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  • TboonepickensTboonepickens 991 replies46 threads Senior Member
    i was under the impression that the pg year was very different from a fifth year of HS. I also thought those programs were designed specifically for people who graduated in three years, not four.
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  • MomofWildChildMomofWildChild 23690 replies204 threads Senior Member
    A PG year IS very common, but you do go ahead and graduate from HS before your PG year. Most PGs have 5 years of high school (total) and it is a great idea for many kids. You get a year to mature and grow (for your sport) AND improve your academic record- not that the OP's record needs improving. If he picks the right PG school, his odds of being recruited for track will increase significantly. The OP should keep in mind though that he will NOT be eligible for some of the national meets as a 5th year (depending on age, etc). That doesn't matter much, though.
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  • raelahraelah 734 replies72 threads Member
    Frankly, this idea is stupid. Why are you even considering doing this? Yes, I understand...you feel like you HAVE TO go to Yale. But honestly, it's not worth another year of high school just to get rejected a second time. Your stats are great, and you WILL get into another college - if you don't get into Yale - that you will probably love just as much. Don't be so focused on one school. And don't consider stupid things to get in there, it's just a waste of time.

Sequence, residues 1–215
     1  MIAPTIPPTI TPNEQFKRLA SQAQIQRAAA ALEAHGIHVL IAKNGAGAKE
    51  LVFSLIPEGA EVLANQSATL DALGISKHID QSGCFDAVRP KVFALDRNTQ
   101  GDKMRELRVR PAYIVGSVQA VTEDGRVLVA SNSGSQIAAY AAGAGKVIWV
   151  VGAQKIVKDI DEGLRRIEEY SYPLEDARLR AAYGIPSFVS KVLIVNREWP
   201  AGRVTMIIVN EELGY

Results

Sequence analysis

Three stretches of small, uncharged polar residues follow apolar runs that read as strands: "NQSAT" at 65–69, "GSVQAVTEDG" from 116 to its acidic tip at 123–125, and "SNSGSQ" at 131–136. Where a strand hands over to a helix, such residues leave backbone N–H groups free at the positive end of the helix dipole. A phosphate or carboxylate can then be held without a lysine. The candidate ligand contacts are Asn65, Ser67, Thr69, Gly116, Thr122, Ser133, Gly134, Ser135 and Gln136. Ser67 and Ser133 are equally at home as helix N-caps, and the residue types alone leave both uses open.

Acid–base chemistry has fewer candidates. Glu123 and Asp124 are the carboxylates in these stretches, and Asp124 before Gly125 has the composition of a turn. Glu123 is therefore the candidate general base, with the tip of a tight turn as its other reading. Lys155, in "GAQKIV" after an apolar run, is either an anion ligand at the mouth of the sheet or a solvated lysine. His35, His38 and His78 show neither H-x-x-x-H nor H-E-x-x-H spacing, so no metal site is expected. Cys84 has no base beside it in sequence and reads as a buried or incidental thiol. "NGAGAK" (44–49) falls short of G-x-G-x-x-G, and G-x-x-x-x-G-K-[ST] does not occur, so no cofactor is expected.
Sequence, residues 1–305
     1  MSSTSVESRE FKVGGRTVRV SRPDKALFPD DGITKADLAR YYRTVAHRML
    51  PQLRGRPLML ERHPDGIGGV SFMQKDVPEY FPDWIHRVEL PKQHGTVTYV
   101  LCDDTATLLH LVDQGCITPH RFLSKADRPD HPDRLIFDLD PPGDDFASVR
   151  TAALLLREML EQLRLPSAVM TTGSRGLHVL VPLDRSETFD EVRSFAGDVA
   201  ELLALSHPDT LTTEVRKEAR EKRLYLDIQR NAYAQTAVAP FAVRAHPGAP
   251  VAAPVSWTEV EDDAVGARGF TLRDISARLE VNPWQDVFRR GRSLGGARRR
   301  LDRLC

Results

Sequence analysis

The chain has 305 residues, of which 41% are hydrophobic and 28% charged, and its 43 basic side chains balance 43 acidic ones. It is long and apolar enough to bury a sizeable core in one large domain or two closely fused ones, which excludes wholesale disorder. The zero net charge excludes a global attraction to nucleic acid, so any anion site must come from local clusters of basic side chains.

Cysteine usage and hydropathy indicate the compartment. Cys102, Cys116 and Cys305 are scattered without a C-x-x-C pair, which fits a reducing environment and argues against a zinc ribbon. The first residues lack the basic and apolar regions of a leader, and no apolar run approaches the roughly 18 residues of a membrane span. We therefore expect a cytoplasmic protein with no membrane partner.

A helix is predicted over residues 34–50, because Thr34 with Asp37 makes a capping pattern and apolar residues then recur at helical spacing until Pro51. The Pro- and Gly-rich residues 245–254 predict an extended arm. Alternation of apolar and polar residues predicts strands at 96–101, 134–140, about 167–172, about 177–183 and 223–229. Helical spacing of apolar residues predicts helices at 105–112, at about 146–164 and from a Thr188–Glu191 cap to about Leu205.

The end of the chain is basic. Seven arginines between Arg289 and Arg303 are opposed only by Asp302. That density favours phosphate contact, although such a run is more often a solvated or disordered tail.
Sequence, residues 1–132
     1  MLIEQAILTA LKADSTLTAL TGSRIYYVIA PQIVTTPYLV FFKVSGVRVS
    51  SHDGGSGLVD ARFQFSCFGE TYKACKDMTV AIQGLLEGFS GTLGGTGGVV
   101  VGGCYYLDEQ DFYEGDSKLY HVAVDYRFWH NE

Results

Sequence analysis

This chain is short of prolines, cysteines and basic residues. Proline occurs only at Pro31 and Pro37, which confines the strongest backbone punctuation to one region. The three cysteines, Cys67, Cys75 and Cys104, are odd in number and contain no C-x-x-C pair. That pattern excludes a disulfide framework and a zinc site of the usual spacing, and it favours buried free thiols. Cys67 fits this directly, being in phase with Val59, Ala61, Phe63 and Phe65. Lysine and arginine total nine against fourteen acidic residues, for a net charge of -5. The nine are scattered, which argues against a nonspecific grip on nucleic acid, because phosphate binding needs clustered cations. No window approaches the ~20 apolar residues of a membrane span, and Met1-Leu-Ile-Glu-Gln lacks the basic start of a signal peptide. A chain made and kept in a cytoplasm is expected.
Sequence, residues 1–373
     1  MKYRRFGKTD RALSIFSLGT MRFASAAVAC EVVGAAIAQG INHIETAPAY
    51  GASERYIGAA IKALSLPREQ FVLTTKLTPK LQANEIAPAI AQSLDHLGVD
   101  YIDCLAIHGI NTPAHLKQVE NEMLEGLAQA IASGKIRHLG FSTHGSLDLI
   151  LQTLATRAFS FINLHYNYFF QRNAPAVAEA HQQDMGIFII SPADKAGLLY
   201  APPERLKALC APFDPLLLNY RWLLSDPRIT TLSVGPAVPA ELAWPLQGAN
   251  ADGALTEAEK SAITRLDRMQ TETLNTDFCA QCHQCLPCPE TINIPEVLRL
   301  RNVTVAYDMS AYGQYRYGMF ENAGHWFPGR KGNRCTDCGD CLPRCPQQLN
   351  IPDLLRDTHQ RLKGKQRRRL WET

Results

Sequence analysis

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  • raelahraelah 734 replies72 threads Member
    Oh, and if you're talking about a PG year instead of a fifth year of high school, that's different. However, PG years don't include going to school for a fifth year and taking AP classes, do they?

    If you want to do a PG year, do something valuable with your time like study abroad or intensive sports training or volunteer work.
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  • 33213321 255 replies2 threads Junior Member
    Since PG means post graduate he couldn't do a fifth year of high school; it would have to a particular program. From what I have read the students that typically do a PG year do not have the impressive stats the OP already has.

    If he wants to improve his resume for schools like Yale, assuming he doesn't get admitted, then a gap year with Americorps or taking college courses (not AP at a high school or on-line) at another college would do more to assist him.
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  • SingDanceRunLifeSingDanceRunLife 1655 replies132 threads Senior Member
    Definitely look into doing a PG year rather than an actual 5th year of high school. There you can hone in on certain things, and also, if you board at the school, start to get a little bit of a feel for the college experience.
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  • kayfkayf 4088 replies73 threads Senior Member
    Many children spend an extra year in HS. Yes, you would have to check with local school to see if they allow. In my state, it also depends on age. I dont see it improving OPs situation - gee everyone would have more ECs with extra year.
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  • hmom5hmom5 - 10799 replies83 threads Senior Member